Designing Buildings With Solar Energy in Mind

  • by Evelyn Long
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  • 2022-01-13 00:00:00
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  • International
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  • 3216

Solar energy is a valuable addition to any new building, and designing with this in mind can maximize value and return on investment. More and more new buildings are being designed to accommodate solar panels as sustainability initiatives take on greater importance around the world. 

Everyone from homeowners to corporate executives can benefit from the renewable energy that solar panels provide without compromising on architectural aesthetics or structural integrity. Keeping these key considerations in mind can help ensure that new building designs are optimized for solar energy potential.


Shading and Orientation

In order to maximize the energy production of solar panels, building designers need to keep tilt and shading in mind. Any parts of the panels that are shaded most of the day are going to diminish the return on investment. This should be considered early on in the design process.

The American Institute of Architects suggests solar panels have about 5 to 10 degrees of tilt on rooftops or 20 to 30 degrees of tilt on the ground. In addition to the angling of the solar panels themselves, the height of nearby buildings and the direction of the sun overhead also have an effect on the building design.

For example, some cities have regulations that prevent nearby buildings from obstructing the sunlight on solar panels of neighboring structures. If this is not the case, however, designers may need to get creative with the placement of their solar panels. Rather than putting the panels on the roof, they could go on the sides of the building in a direction that will maximize sunlight exposure.


Solar Infrastructure

After establishing how to optimize the orientation and integration of the solar panels, designers need to consider all of the solar infrastructure itself. Both designers and building owners should have a clear understanding of how solar panels work and what the various components of a solar energy system are.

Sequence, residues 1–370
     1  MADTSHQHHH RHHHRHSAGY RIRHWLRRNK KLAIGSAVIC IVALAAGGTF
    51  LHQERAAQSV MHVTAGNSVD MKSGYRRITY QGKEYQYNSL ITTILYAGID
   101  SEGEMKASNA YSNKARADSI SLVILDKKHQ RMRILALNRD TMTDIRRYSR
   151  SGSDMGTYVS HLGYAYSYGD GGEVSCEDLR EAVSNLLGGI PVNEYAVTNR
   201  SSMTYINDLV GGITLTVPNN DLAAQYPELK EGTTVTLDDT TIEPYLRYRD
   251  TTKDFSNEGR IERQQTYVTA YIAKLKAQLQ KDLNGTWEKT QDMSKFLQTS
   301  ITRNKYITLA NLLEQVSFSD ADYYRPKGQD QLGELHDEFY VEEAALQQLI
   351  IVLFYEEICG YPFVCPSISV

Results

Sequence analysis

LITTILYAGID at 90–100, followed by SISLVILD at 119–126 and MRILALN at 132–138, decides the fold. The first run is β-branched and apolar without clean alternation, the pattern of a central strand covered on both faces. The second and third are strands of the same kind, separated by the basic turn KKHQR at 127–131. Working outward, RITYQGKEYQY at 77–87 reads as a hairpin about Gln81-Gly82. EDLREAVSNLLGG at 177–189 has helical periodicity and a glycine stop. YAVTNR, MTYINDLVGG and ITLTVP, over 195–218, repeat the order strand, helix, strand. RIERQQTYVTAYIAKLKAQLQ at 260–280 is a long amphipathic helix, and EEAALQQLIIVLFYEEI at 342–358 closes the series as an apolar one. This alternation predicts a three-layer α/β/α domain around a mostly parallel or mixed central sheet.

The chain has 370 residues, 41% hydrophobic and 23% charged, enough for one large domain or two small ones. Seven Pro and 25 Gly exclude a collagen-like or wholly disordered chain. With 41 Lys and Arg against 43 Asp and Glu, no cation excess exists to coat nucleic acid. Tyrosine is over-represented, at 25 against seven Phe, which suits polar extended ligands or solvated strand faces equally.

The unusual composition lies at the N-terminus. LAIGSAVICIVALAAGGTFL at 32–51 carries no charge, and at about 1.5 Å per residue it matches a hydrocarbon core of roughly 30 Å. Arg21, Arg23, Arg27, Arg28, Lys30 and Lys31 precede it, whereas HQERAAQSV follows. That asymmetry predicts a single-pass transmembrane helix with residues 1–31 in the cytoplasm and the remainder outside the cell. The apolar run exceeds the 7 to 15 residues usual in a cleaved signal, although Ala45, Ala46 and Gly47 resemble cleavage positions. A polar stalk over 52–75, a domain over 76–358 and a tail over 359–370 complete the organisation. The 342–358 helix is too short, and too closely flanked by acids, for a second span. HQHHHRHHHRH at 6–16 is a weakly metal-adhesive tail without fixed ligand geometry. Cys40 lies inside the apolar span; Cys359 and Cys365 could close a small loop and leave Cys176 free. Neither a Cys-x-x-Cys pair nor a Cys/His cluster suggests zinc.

The wiring for every panel needs to be carefully planned out, ideally with the building laid out in a way to efficiently connect the panels themselves to the building’s power storage. For example, this might be a large battery cell for a homeowner’s solar array.

In addition to wiring, designers should also make a plan for solar panel maintenance. How will maintenance personnel reach the panels if needed? At what stage in the building process should the panels and equipment be installed? These are all important questions to ask during the design process.


Tax Incentive Options

While tax incentives may not directly affect the design of the building itself, they can be a great benefit for the project. Many countries have begun implementing helpful tax policies for buildings and homeowners who include solar energy in their designs. Architects and designers should check for these tax programs in their client’s area to make sure the design meets all the necessary standards.

Even if clients don’t specifically request solar energy ahead of time, they may be interested in adding it to the building if they learn about any applicable tax incentives. In fact, some areas may even require solar panels on certain kinds of buildings. California, for example, has a state-wide regulation for all homes built from 2020 onward to have solar panels installed.


Weather Analysis

Conducting a weather analysis of the surrounding area will help prepare the building’s solar energy system for any natural threats it might have to face. A common misconception about solar panels is that they can only be effective in areas with high-intensity sunlight all year round. While this is of course beneficial, solar panels can be used in virtually any area as long as weather conditions are accounted for.

Designers should assess weather patterns from recent years to get a thorough understanding of what conditions to expect. An area that is humid and rainy, for example, may need extra moisture resistance for solar energy equipment. Likewise, an area that gets snow part of the year will need a solar panel system with some kind of snow management function. 

Weather patterns can also influence where and how the panels themselves are integrated into the design. For example, maybe the side of the building is a better placement option in order to avoid snow and rain pileup.



Solar panels have gotten a reputation for poor architectural aesthetics over the years, but this does not have to be the case. In fact, architects and designers have found some inspiring ways to creatively use solar panels in cutting-edge designs. They can often be angled in creative ways or disguised with innovative design tactics.

There are many stunning buildings that use solar energy all over the world. Buildings like these go to show what can be accomplished when designers utilize the aesthetics of the panels themselves rather than adding them as an afterthought.


Tomorrow’s Renewable Buildings Are Built With Solar

Architects and designers can help make the world a more sustainable, healthy place by designing buildings with solar energy in mind. As solar cell technology continues to improve, solar energy is becoming a continually more desirable feature in new buildings. With a little creativity and a detailed approach, designers can create buildings that include renewable energy infrastructure while also stunning clients and communities.

 energy efficiency

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